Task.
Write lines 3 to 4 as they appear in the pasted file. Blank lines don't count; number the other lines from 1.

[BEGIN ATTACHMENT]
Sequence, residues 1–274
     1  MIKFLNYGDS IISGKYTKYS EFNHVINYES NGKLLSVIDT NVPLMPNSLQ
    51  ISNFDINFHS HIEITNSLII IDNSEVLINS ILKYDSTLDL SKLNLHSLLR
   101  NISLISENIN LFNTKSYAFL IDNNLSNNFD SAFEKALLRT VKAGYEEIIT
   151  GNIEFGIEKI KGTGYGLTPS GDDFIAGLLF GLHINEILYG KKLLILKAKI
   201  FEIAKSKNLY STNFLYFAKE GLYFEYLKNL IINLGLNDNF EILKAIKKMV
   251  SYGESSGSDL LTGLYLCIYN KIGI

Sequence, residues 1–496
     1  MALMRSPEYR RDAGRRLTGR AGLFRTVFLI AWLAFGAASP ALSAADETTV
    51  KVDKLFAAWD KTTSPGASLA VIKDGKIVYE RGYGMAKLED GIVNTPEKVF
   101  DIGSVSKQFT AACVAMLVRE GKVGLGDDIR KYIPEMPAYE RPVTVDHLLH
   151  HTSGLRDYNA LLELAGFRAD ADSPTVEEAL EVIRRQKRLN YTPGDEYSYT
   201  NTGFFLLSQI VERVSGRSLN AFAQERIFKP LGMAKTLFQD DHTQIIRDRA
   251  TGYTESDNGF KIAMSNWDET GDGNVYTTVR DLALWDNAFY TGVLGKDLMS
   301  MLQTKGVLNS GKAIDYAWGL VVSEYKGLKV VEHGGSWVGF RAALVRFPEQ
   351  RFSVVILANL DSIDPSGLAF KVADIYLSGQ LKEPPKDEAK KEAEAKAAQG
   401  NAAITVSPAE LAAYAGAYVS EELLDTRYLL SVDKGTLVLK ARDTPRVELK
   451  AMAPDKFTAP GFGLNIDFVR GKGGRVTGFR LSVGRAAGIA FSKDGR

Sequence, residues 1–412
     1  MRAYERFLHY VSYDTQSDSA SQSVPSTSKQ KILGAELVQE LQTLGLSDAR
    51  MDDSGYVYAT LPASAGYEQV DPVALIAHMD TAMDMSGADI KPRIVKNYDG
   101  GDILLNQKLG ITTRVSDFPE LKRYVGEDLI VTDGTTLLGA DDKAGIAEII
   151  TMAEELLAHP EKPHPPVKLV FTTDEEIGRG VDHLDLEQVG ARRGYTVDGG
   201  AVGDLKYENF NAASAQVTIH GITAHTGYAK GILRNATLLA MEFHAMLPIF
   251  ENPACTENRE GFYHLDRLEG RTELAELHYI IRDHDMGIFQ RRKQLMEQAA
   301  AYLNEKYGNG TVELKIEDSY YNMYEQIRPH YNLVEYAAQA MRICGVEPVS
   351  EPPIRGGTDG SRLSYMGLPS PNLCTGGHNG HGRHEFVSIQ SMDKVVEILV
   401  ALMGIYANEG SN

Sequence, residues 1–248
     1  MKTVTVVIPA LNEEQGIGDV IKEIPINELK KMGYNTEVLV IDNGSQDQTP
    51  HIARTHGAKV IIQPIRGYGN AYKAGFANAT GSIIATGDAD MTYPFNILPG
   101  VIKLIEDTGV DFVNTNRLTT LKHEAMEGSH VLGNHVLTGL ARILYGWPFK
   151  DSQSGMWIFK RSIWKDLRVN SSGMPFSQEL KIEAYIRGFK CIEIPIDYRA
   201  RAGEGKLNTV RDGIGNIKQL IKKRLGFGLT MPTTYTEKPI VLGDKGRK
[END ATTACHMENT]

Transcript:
    51  ISNFDINFHS HIEITNSLII IDNSEVLINS ILKYDSTLDL SKLNLHSLLR
   101  NISLISENIN LFNTKSYAFL IDNNLSNNFD SAFEKALLRT VKAGYEEIIT